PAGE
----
Franz Liszt – Sonata in B minor

Masterclass on Franz Liszt’s Sonata, held during the 1989 International Franz Liszt Piano Competition

Measure 1. In the beginning there is nothing ; from this you create the world. The mood is mysterious ; something is being born. Touch the opening octaves softly, pergaps using some pedal. Bring out the bass seventh, G to F, holding the octave G’s so that at the end of bar 3 you have the dissonance between G and the lower A-flat.

Measure 8. Explode ! Start the Allegro with energy. It makes no difference whether it is the explosion of matter or passion, but you should convey the sense of something being born out of nothing. 

Measure 14. Continue the forte marcato theme in exactly the same tempo ; keep this basic tempo all the way to the Andante sostenuto slow movement at bar 331. Many critics connect this sonata with the Faust legend ; the marcato has the character of Mephisto, the devil.

Measure 15. In the manuscript of the Sonata, Liszt wrote the crescendo in bar 15 only through the last note of the bass theme. Many pianists continue the crescendo to the last note of the phrase, which is also effective ; but observing the written crescendo to the bass E and then playing the following two right-hand notes softer gives more importance and excitement to this ominous Mephistophelian theme.

Pay attention to what is written. For example, measure 8 is marked Allegro energico and measure 18 agitato. The agitato transition section should be a little faster than the preceding measure.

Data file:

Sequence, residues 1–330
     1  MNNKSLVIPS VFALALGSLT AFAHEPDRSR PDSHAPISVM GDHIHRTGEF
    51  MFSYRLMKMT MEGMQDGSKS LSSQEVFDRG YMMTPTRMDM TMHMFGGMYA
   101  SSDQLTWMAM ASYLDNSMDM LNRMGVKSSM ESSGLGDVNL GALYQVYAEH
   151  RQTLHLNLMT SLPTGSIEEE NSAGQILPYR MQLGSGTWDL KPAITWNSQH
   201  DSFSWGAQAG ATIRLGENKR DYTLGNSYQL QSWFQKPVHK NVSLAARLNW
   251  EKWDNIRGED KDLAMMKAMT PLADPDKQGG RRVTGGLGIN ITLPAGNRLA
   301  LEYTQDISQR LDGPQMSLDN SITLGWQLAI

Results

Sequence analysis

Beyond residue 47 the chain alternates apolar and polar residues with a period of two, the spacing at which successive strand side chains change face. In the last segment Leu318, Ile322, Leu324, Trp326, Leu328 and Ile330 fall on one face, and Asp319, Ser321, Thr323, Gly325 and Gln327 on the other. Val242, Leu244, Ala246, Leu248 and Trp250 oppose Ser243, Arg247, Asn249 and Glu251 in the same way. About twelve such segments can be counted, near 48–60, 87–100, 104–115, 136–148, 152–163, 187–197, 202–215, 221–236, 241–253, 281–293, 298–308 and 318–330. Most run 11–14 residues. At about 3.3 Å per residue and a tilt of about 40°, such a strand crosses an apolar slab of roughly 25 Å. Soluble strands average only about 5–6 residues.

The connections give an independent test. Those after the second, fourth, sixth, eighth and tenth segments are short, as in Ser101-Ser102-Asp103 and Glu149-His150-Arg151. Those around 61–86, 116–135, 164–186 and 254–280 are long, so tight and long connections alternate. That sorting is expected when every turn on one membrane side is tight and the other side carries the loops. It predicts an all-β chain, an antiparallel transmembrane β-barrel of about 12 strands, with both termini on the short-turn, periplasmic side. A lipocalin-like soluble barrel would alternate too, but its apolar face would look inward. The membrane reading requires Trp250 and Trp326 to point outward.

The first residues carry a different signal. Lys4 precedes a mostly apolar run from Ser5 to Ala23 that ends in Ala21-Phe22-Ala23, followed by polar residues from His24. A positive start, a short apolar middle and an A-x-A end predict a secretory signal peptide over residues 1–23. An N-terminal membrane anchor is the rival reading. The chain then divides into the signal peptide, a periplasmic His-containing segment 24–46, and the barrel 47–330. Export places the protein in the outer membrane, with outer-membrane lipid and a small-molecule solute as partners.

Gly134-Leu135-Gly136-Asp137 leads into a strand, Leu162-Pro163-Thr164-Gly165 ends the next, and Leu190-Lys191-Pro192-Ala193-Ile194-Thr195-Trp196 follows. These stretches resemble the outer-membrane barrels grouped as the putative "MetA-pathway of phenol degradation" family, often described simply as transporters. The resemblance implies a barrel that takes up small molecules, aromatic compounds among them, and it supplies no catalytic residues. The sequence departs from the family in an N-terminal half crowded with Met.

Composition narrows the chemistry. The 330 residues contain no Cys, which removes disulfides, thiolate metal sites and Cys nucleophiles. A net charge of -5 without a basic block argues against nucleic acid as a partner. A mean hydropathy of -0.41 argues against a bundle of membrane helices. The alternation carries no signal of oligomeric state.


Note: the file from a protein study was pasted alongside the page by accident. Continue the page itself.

Measure 18. The agitato begins piano ; then at bar 22 comes a crescendo, and at bar 23 più crescendo to the fortissimo at bar 25. Liszt wanted a crescendo from piano to fortissimo in just four measures.

Sometimes I compare this crescendo to climbing stairs ; the different dynamic levels are like the floors of a building. Running up five flights is like the crescendo from piano to mezzo piano, mezzo forte, forte and fortissimo. You will be panting when you reach the top, and the same should be true as you play. Don’t underplay this big crescendo ; express the depth of the music’s passion.

Measure 32. Be exact with your fingerwork. Don’t be afraid of this passage or you won’t create the necessary tension.

Measure 45. Although the ear mainly hears the crossing syncopated figures, the syncopated notes should not sound like downbeats. You can’t show the primary beats , but you need to know where they are. Don’t lose the tempo or the rhythm ; the music should breathe.

Measure 55. The tempo should stay the same ; don’t let it become weak, especially at the triple forte in bar 67.

Measure 82. Here Liszt wrote a single fortissimo note an octave lower. The second time the phrase appears, at bar 87, it is marked piano.


Measure 120. Maintain the same tempo here. Do not play it like the Andante sostenuto in F-sharp at bar 331.

Measure 125. Unfold the dolce con grazia with rubato, freely but in the same basic tempo.

Measure 141 (a tempo). The devil again shows his face, with the same Allegro energico tempo as in the beginning.